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Targeted therapies offer fresh hope for AML

Publish Date: 22/7/2016

The results of a clinical trial involving a new combination therapy of Venetoclax and chemotherapy are providing hope for Australians diagnosed with AML.

Clinical and translational AML researcher, Dr Andrew Wei and his teams at the Alfred Hospital and Monash University, are optimistic about the combination therapy, with between 60 and 70 percent of the trial participants overcoming their cancer to achieve complete remission, and the duration of remissions looking ‘extremely promising’.

A disease where little progress has been made on advancing treatments, especially for older people and those resistant to chemotherapy, Dr Wei has conducted clinical trials with the experimental drug Venetoclax, which has ‘flicked the switch’ on AML.

Dr Anna Williamson, the Foundation’s Head of Research and Advocacy, is excited by the progress being made by Dr Wei and his research teams.

“Any new therapies or combinations of therapy that improve outcomes for people with AML, are welcome and exciting news - especially for older people with AML,” said Dr Williamson.

Dr Wei is determined to increase the success rate for people diagnosed with AML through novel therapies, and he is working to ensure Australians with AML can access new treatments through clinical trials.

Generous community support of the Leukaemia Foundation’s National Research Program has provided Dr Wei with funding over the past 14 years enabling him to coordinate a number of investigator-initiated clinical trials and identify the role of novel and targeted therapies for AML.

Dr Wei is leading a national Australian clinical trial, examining the role of the FLT3 inhibitor sorafenib in combination with chemotherapy, randomised for untreated adults (aged 18-65) identified to have the FLT3-ITD mutation. This Australasian Leukaemia and Lymphoma Group (ALLG) study, underway at 23 hospitals around Australia, was initiated by a Leukaemia Foundation National Research Program grant, with further funding support from the NHMRC.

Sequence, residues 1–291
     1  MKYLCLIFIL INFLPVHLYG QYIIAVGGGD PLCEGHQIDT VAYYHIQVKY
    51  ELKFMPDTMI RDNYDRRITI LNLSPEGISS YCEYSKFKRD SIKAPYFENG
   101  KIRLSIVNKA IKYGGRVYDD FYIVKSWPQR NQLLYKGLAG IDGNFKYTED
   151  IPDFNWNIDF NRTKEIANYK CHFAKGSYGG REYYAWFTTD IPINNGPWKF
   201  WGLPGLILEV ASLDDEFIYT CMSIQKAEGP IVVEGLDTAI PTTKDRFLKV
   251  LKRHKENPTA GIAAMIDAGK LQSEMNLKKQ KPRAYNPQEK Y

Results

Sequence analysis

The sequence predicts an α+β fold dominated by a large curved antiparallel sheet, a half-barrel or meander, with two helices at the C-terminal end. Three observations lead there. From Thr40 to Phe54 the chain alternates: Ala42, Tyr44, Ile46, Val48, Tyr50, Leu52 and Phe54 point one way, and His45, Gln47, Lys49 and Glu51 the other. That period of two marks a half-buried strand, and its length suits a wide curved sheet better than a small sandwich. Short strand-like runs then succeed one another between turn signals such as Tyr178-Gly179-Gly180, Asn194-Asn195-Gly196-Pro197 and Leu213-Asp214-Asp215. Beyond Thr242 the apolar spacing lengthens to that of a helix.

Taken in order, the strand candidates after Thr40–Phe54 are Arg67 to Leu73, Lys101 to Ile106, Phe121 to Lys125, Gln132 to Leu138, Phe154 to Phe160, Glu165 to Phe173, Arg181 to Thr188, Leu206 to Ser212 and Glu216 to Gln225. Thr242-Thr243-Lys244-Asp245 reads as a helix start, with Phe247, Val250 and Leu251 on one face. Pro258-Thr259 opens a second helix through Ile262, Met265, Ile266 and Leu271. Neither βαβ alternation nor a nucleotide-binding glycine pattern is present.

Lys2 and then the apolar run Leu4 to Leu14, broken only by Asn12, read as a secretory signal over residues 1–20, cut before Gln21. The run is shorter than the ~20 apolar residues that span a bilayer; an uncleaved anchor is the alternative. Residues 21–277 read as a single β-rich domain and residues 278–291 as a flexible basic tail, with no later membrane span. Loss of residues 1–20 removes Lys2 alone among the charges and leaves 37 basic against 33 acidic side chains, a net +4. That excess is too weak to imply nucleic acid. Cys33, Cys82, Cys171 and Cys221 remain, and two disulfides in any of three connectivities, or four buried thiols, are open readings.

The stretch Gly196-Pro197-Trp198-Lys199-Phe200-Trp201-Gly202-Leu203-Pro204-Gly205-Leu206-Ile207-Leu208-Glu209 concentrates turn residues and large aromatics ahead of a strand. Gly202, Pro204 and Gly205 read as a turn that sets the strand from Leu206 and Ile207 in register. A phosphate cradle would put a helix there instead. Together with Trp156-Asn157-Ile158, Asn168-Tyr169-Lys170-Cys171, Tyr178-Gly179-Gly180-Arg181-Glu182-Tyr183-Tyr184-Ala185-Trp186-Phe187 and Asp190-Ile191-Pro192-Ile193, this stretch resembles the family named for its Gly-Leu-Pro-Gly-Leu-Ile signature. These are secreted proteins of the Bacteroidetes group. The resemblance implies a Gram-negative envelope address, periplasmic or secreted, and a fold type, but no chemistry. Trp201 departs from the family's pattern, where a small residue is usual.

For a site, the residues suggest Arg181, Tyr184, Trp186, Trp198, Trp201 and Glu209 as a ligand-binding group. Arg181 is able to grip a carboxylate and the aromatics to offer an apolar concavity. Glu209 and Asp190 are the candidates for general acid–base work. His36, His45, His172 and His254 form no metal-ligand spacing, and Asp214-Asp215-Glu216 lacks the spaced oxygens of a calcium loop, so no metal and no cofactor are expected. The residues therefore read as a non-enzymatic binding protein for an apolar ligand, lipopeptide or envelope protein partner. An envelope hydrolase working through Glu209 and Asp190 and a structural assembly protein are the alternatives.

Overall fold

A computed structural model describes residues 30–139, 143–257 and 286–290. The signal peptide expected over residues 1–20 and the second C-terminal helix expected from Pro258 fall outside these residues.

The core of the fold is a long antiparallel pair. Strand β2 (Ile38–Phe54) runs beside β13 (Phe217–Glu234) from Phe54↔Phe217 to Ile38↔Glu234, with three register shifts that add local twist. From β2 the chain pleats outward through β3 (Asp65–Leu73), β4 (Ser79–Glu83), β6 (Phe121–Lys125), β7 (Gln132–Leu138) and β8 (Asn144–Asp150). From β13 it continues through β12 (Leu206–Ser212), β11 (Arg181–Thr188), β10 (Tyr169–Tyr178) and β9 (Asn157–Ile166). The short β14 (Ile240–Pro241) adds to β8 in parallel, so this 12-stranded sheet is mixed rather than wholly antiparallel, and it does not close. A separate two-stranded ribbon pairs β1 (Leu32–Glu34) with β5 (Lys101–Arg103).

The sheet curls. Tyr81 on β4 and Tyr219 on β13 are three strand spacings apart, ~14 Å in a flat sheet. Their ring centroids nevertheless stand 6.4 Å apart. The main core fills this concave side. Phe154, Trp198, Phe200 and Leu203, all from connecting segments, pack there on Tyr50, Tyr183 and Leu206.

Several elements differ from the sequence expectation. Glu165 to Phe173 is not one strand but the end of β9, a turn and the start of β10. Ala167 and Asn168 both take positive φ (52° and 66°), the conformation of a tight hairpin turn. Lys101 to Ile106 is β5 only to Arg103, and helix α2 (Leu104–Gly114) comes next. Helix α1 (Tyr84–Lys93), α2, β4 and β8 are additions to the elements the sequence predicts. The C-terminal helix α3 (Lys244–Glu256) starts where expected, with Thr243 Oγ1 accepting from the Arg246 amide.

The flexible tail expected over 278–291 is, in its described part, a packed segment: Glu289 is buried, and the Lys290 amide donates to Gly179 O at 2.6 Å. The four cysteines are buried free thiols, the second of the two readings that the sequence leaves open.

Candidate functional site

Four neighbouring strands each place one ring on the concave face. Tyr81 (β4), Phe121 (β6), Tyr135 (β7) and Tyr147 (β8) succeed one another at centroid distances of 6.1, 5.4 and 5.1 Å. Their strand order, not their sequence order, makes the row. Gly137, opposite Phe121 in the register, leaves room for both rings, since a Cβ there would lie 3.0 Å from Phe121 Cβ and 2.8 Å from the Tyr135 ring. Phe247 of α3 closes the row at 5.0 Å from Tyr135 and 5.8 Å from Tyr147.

Answering the call for more clinical trials for people in need of better options, Dr Wei and his research team have also opened a number of clinical trials targeting IDH1 and IDH2 in collaboration with pharmaceutical industry, which are especially relevant for people with relapsed/refractory AML.

There are a number of centres across Australia running these studies and you can obtain more information on these clinical trials for AML at 03 9076 3451 (or via the ANZ clinical trials registry).

You can help Australia’s ground-breaking researchers, like Dr Andrew Wei, deliver new treatment options to people diagnosed with a life-threatening blood cancer by making a generous donation today.

Learn more about the Leukaemia Foundation’s National Research Program and how you can help us to improve treatments and find cures for people living with a blood cancer.



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